Stars like Alex Morgan will have to find somewhere else to play this year.
It's been a few days of highs and lows for women's soccer. Shortly after Sunday's CONCACAF Olympic qualifying tournament final in Vancouver drew a record-setting crowd of 25,427 to watch Alex Morgan and the U.S. knock off Canada 4-0, the news came out that the Women's Professional Soccer circuit would be suspending its operations for 2012 at least partly as a result of a legal battle with former franchise owner Dan Borislow. That's going to dramatically change the picture in the months leading up to the London Olympics, and not just for American players like Morgan who are now without a league, as WPS featured national team stars from Canada (including Christine Sinclair, Karina LeBlanc and Lauren Sesselmann), England, Brazil and several other countries. Without WPS in the picture, those national federations will have to significantly alter their plans for how they approach the Olympics.
Of course, those alterations aren't necessarily all bad from the specific perspectives of the national teams involved. As former American national team midfielder Julie Foudy wrote for ESPNw, while WPS' demise is a terrible blow for the women's game as a whole, it may actually benefit the U.S. in the lead-up to the Olympics:
The ultimate irony? Having no league is actually better for the U.S. national team as it prepares for the Olympics. The players control their training, travel and preparation schedule. No more shuttling between clubs and countries. No more challenges about when they would be asked to come into camp. No more questions about medical care and quality of trainers.
U.S. Soccer Federation president Sunil Gulati told The New York Times that with WPS out of the picture this year, his federation will be doing more national team events and training sessions. Exactly what that looks like hasn't been decided yet, but Gulati said there will be an increase in U.S. women's team programming.
"As for how this affects the Women's national team's preparation leading into the Olympics, we have had discussions with the coaching staff and will be increasing our programming over the next six months."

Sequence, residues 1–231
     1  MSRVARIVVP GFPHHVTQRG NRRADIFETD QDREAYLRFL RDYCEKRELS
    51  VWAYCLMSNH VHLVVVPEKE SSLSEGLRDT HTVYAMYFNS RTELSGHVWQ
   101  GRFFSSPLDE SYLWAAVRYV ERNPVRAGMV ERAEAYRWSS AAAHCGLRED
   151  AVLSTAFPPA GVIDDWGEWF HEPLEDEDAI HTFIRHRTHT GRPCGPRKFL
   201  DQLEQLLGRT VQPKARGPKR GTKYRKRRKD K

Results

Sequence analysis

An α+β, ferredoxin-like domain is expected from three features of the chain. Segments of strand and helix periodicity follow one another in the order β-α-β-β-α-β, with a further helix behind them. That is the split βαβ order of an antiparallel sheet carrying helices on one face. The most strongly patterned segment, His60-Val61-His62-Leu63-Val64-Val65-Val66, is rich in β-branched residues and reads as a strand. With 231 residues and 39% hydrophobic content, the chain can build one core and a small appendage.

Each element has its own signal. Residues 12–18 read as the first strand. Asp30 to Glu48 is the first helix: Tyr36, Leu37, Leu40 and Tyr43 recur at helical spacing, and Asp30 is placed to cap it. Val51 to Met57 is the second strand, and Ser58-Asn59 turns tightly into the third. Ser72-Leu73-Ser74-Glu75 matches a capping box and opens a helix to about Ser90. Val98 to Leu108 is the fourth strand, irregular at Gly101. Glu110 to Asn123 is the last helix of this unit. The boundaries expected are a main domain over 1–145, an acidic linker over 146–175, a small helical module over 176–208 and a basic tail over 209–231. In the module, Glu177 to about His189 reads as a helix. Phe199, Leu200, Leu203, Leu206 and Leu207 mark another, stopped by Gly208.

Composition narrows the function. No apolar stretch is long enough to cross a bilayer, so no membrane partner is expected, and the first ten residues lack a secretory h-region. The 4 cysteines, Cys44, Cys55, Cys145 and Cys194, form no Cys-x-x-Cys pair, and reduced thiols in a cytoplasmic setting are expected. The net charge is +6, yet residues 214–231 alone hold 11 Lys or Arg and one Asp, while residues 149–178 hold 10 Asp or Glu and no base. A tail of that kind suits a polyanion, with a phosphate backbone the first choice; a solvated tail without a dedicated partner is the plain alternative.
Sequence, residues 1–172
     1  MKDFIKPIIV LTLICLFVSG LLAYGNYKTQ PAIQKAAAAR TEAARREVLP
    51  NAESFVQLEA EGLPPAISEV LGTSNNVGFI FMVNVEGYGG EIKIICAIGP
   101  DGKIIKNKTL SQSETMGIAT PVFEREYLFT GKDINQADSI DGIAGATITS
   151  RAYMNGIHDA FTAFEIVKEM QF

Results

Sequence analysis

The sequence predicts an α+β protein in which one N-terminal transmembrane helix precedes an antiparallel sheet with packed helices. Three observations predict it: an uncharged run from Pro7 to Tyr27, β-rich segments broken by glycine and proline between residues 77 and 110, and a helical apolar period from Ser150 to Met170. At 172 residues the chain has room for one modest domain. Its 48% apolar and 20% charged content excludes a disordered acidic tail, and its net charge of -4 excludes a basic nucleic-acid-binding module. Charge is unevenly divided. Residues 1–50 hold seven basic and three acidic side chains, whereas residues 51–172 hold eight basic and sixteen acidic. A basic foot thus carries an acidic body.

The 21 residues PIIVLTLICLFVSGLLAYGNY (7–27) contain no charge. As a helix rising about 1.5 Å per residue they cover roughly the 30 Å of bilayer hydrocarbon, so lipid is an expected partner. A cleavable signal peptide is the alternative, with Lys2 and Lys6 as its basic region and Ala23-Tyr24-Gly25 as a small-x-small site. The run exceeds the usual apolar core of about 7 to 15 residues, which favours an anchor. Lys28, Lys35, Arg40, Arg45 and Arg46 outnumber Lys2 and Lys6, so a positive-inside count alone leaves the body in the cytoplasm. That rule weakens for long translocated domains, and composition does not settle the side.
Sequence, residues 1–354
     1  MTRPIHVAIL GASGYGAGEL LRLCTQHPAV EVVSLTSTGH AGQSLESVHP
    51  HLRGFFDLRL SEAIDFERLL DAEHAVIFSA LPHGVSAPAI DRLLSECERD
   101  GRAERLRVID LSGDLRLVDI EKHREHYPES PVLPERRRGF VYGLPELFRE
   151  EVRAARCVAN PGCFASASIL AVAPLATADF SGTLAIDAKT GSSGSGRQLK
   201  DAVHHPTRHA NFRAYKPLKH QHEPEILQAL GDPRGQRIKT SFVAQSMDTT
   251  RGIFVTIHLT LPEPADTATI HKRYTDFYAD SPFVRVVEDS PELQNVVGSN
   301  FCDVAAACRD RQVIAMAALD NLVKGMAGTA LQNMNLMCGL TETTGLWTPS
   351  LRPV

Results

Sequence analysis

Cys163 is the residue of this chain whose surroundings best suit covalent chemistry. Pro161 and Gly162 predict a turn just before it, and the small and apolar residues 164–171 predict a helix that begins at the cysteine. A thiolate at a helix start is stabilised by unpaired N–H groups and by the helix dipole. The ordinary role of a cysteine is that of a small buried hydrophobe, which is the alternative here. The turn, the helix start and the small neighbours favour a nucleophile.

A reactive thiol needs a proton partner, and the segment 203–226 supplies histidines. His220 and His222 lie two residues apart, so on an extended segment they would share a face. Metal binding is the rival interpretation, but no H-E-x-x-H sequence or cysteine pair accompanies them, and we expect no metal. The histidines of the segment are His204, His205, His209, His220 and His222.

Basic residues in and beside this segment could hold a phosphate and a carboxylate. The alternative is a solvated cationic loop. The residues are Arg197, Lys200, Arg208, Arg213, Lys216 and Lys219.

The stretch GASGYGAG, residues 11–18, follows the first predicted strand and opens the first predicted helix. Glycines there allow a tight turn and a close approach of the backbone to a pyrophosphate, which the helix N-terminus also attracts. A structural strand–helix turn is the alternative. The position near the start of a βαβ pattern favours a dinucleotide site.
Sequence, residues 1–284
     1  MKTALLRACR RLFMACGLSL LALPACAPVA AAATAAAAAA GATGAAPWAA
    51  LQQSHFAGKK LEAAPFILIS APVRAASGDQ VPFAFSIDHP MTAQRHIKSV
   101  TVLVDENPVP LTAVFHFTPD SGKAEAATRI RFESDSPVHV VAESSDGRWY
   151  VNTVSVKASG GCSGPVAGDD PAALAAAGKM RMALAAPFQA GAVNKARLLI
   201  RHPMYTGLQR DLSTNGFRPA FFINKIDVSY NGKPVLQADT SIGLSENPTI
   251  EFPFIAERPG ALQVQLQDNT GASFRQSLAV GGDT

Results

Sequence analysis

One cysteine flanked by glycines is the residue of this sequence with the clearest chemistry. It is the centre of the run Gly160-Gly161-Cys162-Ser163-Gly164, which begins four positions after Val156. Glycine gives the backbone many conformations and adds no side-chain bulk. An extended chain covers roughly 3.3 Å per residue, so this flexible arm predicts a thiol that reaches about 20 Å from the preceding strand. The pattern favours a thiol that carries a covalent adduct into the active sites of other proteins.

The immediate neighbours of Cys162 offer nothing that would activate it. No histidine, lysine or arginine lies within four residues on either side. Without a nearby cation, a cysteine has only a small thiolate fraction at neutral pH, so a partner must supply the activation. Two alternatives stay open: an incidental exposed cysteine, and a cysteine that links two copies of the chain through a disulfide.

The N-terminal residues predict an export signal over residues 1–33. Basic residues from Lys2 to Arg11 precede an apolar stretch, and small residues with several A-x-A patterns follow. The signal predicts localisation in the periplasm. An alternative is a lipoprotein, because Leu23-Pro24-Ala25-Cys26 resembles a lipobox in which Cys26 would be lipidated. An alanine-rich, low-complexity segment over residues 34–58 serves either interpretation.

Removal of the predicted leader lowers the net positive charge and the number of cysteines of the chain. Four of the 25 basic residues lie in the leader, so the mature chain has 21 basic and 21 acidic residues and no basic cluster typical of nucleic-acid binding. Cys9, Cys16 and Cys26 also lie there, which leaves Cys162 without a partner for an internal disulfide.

To some degree, that will be true for other federations impacted by this as well. However, the U.S. women's team has substantially more financial resources devoted to it than most other countries do, and it's unclear if other federations will be able to follow suit in increasing their own programming. Of course, there are options for players if they don't, including semipro leagues like the W-League. LeBlanc told The Vancouver Sun that it's quite possible clubs in those leagues, including the Vancouver Whitecaps, will see an influx of talent this season:
"I think the W-League will absolutely benefit," she said. "I know some of my teammates have talked about the Whitecaps."
There are also options overseas, including semipro leagues in Germany, Sweden and England, so it's not like WPS' suspension suddenly vapourizes the women's game at the club level. It does take out the highest level of women's club soccer, though, and that will certainly impact preparations for London for multiple countries. The bigger impact may be after this summer's Olympics, though, as there's a considerable amount of time until the next big international women's soccer event, the 2015 World Cup in Canada. If WPS is able to return in 2013 as planned, this year's disruption may be just a bump in the road, but if not, national teams and players around the world will have to find new places to compete. Just days after an event that was such a positive showcase for the women's game, this is a rough blow for it.
- Sports & Recreation